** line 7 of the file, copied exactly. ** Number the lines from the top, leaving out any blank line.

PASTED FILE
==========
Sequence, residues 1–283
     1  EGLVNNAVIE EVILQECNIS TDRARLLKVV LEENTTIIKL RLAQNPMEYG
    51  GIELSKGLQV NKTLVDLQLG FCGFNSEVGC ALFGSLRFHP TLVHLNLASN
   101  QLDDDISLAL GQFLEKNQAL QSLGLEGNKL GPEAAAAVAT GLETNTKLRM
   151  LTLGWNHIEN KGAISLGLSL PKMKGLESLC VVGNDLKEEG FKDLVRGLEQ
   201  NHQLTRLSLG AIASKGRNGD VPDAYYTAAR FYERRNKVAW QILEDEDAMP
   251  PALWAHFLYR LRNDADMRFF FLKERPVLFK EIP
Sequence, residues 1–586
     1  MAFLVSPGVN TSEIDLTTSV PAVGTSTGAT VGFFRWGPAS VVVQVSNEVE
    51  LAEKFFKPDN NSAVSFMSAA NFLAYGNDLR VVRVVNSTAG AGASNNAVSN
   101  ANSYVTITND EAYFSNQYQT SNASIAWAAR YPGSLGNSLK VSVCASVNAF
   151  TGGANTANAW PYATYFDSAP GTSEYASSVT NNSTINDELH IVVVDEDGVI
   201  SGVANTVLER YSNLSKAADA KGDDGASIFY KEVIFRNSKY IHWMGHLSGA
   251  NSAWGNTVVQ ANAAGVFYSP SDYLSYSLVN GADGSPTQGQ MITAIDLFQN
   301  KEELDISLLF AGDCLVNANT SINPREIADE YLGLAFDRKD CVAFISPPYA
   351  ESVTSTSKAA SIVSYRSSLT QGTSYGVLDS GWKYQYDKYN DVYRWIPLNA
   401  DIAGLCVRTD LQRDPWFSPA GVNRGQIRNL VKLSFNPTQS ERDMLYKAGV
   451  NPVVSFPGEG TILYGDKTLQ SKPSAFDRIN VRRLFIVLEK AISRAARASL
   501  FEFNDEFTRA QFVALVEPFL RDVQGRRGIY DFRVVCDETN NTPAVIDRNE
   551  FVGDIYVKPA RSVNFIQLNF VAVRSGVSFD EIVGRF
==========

   251  PALWAHFLYR LRNDADMRFF FLKERPVLFK EIP